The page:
- This was printed in April of 2015 in The Madera Tribune, a newspaper in Madera, California. This was the 97th installment of my weekly column, Mind Over Miles.
About 50 children 2 to 10 years old sprinted, jogged and walked around the LoanMart
Madera Speedway on Saturday for the Kids Mini Sprint hosted by the Second Wind 5K.
Parents snapped photos and cheered for their little ones as they participated in an active,
Several kiddos ran the 5K (3.1 miles) later that morning, including brothers Dillon and
Morgan Gonzales, 12 and 11, who placed fifth and sixth overall, and Victor Jimenez, 12,
who placed seventh.
On Sunday, 10-year-old Koda Holeman, of Clovis, finished 29th out of 457 participants at
the Fresno Urban Run. The course included about a mile’s worth of stairs in Chukchansi
Park baseball stadium, up and down the spiral parking garage downtown, back and forth
over the Tuolumne overpass, and every stair inside of The Grand tower.
Koda is the youngest member of the San Joaquin Running Team; he was added after
becoming the youngest person to finish the San Joaquin River Trail Half Marathon last
month. He beat his mom, Jodi, by about seven minutes in the race.
When the Holemans picked up their race packets for the California Classic Half
Marathon two weeks later, Koda complained that his mom was “making him run the
relay with her.” Jodi got a lot of disapproving looks from strangers who probably thought
she was a bad mom for making her young son run an entire six and a half miles — until
Koda finished up by saying “I want to run the whole race (13.1 miles), not just half.”
How far is too far for a child to run? How young is too young for them to begin running?
Dr. Patrick Burke, MD, at Valley Children’s Hospital, said children should be seen by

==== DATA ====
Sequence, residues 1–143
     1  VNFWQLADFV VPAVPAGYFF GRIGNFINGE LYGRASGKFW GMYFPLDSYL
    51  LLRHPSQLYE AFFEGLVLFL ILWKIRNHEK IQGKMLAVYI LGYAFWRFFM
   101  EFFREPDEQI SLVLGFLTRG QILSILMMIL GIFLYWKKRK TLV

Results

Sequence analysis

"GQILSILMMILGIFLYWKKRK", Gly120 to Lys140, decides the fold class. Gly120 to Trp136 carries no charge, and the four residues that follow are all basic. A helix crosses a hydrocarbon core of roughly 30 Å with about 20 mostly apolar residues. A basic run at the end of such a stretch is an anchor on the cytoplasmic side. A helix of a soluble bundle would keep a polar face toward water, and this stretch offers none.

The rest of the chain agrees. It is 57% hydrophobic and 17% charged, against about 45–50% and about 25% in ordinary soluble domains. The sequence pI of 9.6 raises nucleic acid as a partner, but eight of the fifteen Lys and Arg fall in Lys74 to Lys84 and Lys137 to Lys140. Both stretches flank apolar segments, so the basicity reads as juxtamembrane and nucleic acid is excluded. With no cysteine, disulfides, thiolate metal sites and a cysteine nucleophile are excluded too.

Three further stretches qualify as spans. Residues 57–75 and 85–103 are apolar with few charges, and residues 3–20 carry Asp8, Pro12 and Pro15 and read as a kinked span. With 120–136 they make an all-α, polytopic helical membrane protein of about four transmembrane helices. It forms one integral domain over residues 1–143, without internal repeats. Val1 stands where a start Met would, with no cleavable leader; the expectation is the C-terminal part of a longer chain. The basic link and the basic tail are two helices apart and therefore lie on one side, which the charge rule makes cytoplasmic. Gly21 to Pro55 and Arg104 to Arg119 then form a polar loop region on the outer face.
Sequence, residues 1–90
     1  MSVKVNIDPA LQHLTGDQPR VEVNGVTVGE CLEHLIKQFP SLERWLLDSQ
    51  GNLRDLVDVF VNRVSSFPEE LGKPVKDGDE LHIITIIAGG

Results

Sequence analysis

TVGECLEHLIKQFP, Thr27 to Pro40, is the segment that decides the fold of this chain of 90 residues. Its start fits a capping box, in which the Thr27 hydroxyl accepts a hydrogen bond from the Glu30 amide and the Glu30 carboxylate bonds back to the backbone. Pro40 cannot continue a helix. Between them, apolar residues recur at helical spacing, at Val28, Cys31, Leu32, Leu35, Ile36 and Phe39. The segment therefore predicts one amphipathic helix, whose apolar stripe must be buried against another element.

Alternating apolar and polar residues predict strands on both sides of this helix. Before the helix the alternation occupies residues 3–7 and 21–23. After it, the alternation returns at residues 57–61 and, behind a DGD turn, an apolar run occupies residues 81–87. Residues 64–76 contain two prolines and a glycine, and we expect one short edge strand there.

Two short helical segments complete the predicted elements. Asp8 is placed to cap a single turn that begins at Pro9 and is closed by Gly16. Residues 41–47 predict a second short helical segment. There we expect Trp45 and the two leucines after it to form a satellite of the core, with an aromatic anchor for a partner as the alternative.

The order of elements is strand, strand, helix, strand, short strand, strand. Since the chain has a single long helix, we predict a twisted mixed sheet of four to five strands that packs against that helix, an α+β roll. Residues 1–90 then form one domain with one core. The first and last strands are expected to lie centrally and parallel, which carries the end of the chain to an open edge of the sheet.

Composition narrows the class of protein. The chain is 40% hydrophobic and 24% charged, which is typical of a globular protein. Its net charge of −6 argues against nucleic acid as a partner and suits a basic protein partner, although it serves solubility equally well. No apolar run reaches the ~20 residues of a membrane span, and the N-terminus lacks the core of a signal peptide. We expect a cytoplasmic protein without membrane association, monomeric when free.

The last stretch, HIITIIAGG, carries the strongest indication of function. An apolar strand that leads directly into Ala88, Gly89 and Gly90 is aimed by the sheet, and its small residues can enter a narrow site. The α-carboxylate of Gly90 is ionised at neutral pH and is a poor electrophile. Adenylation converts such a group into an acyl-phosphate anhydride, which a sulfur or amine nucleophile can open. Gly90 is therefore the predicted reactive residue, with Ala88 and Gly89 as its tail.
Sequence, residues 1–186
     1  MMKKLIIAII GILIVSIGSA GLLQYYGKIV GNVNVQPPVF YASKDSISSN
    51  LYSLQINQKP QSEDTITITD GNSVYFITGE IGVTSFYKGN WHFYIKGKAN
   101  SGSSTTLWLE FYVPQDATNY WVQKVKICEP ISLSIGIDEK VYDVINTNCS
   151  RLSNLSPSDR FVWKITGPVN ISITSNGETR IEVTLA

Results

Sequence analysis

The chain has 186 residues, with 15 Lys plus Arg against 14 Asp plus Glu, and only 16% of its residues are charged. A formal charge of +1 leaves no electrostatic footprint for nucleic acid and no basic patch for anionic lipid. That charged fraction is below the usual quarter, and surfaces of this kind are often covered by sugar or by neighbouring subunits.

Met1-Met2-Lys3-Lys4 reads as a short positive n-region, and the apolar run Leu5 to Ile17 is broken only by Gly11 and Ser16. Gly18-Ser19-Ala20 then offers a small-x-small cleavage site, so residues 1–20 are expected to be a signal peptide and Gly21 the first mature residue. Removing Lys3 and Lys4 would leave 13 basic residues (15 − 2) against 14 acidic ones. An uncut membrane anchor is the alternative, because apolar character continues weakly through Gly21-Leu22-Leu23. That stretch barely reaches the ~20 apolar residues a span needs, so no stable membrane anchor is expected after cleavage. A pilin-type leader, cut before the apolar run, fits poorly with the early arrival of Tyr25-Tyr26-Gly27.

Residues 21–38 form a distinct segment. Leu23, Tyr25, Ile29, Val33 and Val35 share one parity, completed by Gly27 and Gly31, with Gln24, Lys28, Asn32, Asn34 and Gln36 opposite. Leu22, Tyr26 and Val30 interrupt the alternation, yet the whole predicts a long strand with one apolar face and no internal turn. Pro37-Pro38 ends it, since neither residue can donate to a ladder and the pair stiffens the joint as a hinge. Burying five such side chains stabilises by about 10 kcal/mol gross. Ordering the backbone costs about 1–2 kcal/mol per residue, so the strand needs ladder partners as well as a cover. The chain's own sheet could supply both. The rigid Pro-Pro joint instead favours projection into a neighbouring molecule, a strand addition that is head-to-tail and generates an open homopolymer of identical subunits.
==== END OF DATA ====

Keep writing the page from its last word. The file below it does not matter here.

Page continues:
their doctor to evaluate their health, nutrition, development and growth before beginning
any new exercise.
Burke says the safest distances for children are “those commonly run competitively by
that age group.” Middle and high school students traditionally compete in races up to two
miles in track and field, and up to a 5K in cross country. Elementary school kids run
While the risks of the sport are similar whether the runner is 10 or 50 — overuse injuries
being a top hazard — children and teens need more water and cooling during hot
temperatures than adults in the same condition need, Burke said.
In my opinion, a child should be allowed to run as far as they want to and are capable of.
Just like any other runner, they should start slow with short mileage and work their way
up as far as they desire. There’s a difference between encouraging your child and pushing
them beyond their limit. Let them set their own.
I share in Jodi Holeman’s philosophy and I’m as excited to watch Koda progress as I am
to watch my own little budding runners, Jazlyn, 5, and Isaac, 2 (who, as I write this,
asked me to take them to the nearby high school track to run some laps.)
Koda’s goals are to run a half marathon in 1 hour and 30 minutes, and run a 50K by the
end of this year. Jodi’s goals for him are simpler.
“For him to appreciate and learn the value of training as runner,” Holeman said. “I have
to remind myself that he’s 10, because I get excited for him and share in his enthusiasm,
but I’m also his mom and need to make good choices for him, even if it’s not what he
wants. It’s a fine line between letting him explore his potential and knowing the
limitations of a 10-year-old’s body.”
Koda loves to run trails, where there often isn’t help close by, so Jodi enrolled herself in
an EMT class to have more peace of mind when they run long distances together.
“He’ll also go in for a full physical soon just to make sure everything is working
properly,” she said. “I want to cover all my bases with him, but I don’t want to hold him
back. He loves to run and we both feel that his love for running is so infectious that other
kids will run, too.”
I haven’t even scratched the surface of this topic. I watched dozens of high school
students cross the line at the Modesto Marathon on Sunday, and I’m eagerly awaiting a
chance to race alongside siblings Teagan and Tajh Redden, ages 10 and 12, who are no
strangers to ultramarathons.
Look forward to future columns on this topic, and on another hot-button issue: running